16. The printing apparatus of claim 1, wherein the printing apparatus is an offset printing apparatus and the corrosion is caused by ambient water used in offset printing.
17. A printing blanket for mounting on a metal blanket cylinder of a printing apparatus; said printing blanket consisting essentially of a printing blanket material having a printing surface and a cylinder-contacting surface containing a sacrificial metal for the metal of the blanket cylinder disposed on or within the cylinder-contacting surface of the blanket material for substantial electrochemical contact with the blanket cylinder in an amount and disposition sufficient to inhibit corrosion of the metal of the blanket cylinder during printing, but not also upon the printing surface of the blanket in an amount which substantially covers said printing surface during printing; and said metal cylinder consisting essentially of steel, stainless steel, or steel coated with a corrosion-resistant coating subject to wear.
18. The printing blanket of claim 17, wherein the sacrificial metal is zinc.
19. The printing blanket of claim 18, wherein the zinc is impregnated within the cylinder-contacting surface of the blanket material in the form of particles.
20. The printing blanket of claim 19, wherein the zinc particles have a diameter of from about 1 to 5μ.
21. The printing blanket of claim 18, wherein the zinc is adhered to the cylinder-contacting surface of the blanket material.
22. The printing blanket of claim 21, wherein the zinc is adhered in the form of a foil.
23. The printing blanket of claim 18, wherein the zinc comprises a thin layer of zinc particles directly applied to at least a portion of the cylinder-contacting surface of the blanket material.
24. The printing blanket of claim 23, wherein the zinc particles have a diameter of from about 1 to 5μ.
25. The printing blanket of claim 18, wherein the zinc is woven into the cylinder-contacting surface of the blanket material.
26. The printing blanket of claim 19, wherein the zinc is impregnated in substantially less than the entire cylinder-contacting surface of the blanket material.
27. The printing blanket of claim 21, wherein the zinc is adhered to substantially less than the entire cylinder-contacting surface of the blanket material.
28. A method for inhibiting corrosion in a printing apparatus including a metal blanket cylinder susceptible to corrosion during normal printing operations and a printing blanket having an exposed printing surface and a cylinder-contacting surface mounted on the cylinder, comprising mounting a printing blanket consisting essentially of a printing blanket material and a sacrificial metal for the metal of the cylinder disposed within or on the cylinder-contacting surface of the blanket in substantial electrochemical contact with the surface of the cylinder in an amount and disposition sufficient to inhibit corrosion of the blanket cylinder but not also upon the exposed printing surface of the blanket in an amount which substantially covers said printing surface during printing; and printing with the blanketed cylinder.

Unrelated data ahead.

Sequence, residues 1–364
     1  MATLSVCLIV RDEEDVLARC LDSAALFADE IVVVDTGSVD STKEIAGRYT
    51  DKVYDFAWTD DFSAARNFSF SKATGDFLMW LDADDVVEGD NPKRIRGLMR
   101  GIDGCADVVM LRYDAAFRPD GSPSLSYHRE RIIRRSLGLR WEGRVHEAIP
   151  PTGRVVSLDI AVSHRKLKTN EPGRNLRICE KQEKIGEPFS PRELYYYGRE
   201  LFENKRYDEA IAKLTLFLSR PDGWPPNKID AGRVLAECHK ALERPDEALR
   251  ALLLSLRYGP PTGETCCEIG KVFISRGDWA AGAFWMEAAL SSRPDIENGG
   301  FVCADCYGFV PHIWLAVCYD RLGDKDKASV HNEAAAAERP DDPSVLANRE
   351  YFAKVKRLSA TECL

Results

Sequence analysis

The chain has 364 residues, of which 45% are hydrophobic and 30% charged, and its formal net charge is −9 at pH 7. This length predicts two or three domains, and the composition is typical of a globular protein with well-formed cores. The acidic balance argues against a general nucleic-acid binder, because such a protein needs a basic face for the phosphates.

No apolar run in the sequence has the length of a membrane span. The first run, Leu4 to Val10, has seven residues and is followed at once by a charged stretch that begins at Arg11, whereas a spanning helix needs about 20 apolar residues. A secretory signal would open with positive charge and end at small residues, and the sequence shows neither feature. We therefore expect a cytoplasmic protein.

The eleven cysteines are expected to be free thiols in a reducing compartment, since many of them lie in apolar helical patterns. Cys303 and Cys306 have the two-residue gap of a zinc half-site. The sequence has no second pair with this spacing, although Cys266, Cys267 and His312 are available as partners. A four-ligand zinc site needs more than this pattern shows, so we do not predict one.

29. The method of claim 28, wherein the metal of the blanket cylinder is steel, stainless steel, or steel coated with a corrosion-resistant coating subject to wear.
30. The method of claim 29, wherein the metal of the blanket cylinder is nickel-coated steel.
31. The method of claim 29, wherein the metal of the blanket cylinder is steel or stainless steel.
32. The method of claim 29, wherein the sacrificial metal is zinc.
33. The method of claim 29, wherein the sacrificial metal comprises a thin layer of zinc particles directly applied to at least a portion of the cylinder-contacting surface of the blanket material.
34. The method of claim 33, wherein the zinc particles have a diameter of from about 1 to 5μ.
35. The method of claim 29, wherein the sacrificial metal comprises a thin layer of zinc foil adhered to at least a portion of the cylinder-contacting surface of the blanket material.
36. The method of claim 35, wherein the foil is adhered to substantially less than the entire surface of the blanket material.
37. The method of claim 29, wherein the sacrificial metal comprises zinc particles impregnated within at least a portion of the cylinder-contacting surface of the printing blanket material.
38. The method of claim 37, wherein the zinc particles have a diameter of from about 1 to 5μ.